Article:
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Adding heat to a new extension

Recently I added a 600 sq. ft. extension to my 40 year old 1200 sq.ft. ranch. I have to tell you that I've met every shoddy contractor that Long Island has to offer. I myself have a fair amount of mechanical aptitude but have always thought its better to call a trade professional then try to learn a new one. Well I've been proven wrong way to many times so at 60 I'm here to sharpen my skill set.
My immediate need is to at least become educated in how to best add a new zone to my old 2 zone heating system.
Currently the new construction I added to the rear east wall of my home is 20 X 30 with a full basement. Insulating it with R38 and R15, ceiling and walls. There are 8 - 3X5 Anderson 400 series windows and 1-6' slider (Anderson 400). Ceiling height is 9' average with 3 exterior walls. Using the web I've done some generic heat loss calculations and came up with 28K btu. Again using the web I would need 48+ linear feet of fin tube baseboard. My boiler supply home run would be approx. 50' (6' head). The return would probably be at least 80' from the last baseboard.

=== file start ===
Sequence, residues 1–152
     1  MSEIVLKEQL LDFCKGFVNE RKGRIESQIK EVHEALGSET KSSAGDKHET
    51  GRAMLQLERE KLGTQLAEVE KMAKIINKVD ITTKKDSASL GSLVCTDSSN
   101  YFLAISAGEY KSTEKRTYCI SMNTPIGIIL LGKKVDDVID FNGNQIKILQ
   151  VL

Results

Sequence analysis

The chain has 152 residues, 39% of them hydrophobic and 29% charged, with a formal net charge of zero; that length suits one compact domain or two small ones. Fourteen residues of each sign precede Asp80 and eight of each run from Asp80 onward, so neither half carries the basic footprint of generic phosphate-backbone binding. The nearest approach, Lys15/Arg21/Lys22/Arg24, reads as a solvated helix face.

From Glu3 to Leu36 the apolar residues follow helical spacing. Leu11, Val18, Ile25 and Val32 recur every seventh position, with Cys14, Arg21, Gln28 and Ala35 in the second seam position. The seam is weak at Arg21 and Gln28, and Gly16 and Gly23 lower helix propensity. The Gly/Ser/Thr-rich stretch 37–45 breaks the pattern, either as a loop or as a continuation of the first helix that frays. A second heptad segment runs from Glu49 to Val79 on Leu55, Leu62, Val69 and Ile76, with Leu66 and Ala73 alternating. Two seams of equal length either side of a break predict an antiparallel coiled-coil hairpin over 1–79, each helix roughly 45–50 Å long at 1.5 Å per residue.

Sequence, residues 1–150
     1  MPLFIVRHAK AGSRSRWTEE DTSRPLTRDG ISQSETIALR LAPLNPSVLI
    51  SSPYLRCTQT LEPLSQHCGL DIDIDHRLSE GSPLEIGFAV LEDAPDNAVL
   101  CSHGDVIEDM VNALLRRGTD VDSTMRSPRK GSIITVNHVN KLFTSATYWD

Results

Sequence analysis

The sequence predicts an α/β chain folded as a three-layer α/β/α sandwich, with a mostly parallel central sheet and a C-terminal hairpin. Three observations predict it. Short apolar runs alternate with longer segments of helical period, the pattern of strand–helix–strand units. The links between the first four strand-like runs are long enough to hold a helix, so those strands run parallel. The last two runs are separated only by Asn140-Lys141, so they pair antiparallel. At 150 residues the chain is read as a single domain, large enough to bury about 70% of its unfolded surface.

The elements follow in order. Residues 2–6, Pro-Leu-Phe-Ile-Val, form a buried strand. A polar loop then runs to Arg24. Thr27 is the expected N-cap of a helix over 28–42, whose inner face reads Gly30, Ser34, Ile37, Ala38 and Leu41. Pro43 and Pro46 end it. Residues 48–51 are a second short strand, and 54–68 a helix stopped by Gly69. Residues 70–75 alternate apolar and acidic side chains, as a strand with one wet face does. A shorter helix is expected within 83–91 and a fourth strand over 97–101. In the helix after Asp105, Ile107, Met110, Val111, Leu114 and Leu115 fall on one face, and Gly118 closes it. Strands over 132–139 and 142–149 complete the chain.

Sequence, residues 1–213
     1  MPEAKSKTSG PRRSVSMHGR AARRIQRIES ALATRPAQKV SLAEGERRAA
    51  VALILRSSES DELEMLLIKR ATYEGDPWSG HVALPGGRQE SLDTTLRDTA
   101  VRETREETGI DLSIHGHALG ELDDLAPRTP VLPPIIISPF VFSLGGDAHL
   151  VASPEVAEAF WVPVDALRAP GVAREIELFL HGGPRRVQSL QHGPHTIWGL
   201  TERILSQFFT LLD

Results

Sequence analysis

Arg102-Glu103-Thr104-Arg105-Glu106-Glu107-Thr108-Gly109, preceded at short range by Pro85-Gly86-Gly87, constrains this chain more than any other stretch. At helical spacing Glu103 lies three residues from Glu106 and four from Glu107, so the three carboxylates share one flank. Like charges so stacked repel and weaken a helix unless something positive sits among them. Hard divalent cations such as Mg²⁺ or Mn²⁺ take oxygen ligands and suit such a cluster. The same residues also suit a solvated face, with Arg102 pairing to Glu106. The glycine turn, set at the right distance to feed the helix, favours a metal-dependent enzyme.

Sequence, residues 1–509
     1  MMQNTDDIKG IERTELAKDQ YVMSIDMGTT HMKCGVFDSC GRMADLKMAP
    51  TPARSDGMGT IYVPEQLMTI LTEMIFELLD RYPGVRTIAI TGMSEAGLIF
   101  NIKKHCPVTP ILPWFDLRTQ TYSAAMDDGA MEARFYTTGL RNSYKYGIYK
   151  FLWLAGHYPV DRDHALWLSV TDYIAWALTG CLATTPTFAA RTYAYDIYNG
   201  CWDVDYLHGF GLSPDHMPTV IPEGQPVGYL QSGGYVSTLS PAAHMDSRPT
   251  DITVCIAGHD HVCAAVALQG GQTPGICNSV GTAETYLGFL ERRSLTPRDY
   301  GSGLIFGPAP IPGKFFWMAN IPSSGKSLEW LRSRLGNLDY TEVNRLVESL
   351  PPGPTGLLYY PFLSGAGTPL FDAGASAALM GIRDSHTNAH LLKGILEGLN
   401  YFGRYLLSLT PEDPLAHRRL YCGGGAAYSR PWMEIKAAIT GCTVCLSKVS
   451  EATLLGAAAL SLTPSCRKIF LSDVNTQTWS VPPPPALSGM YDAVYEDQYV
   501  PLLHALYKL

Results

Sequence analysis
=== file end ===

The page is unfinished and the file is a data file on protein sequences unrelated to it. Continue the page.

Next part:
My existing gas boiler is original Thermotron 1973, I know I will be upgrading that in the near future but it still works well, I open it up every year to inspect, vacuum and wire brush. I have two small Taco circulators, one for the existing finished basement, the other for the upstairs living area.
My thought is to add a third circulator (possibly a Taco 009IFC) and plumb with 3/4 Pex.
I'm I on the right track here, what do you gentlemen think?

Re: Adding heat to a new extension

I admire your will to do things yourself, but HVAC is not exactly a trade for a person like you. Hire a pro. To save money, ask them if you could install the vents, registers, insulation and other things.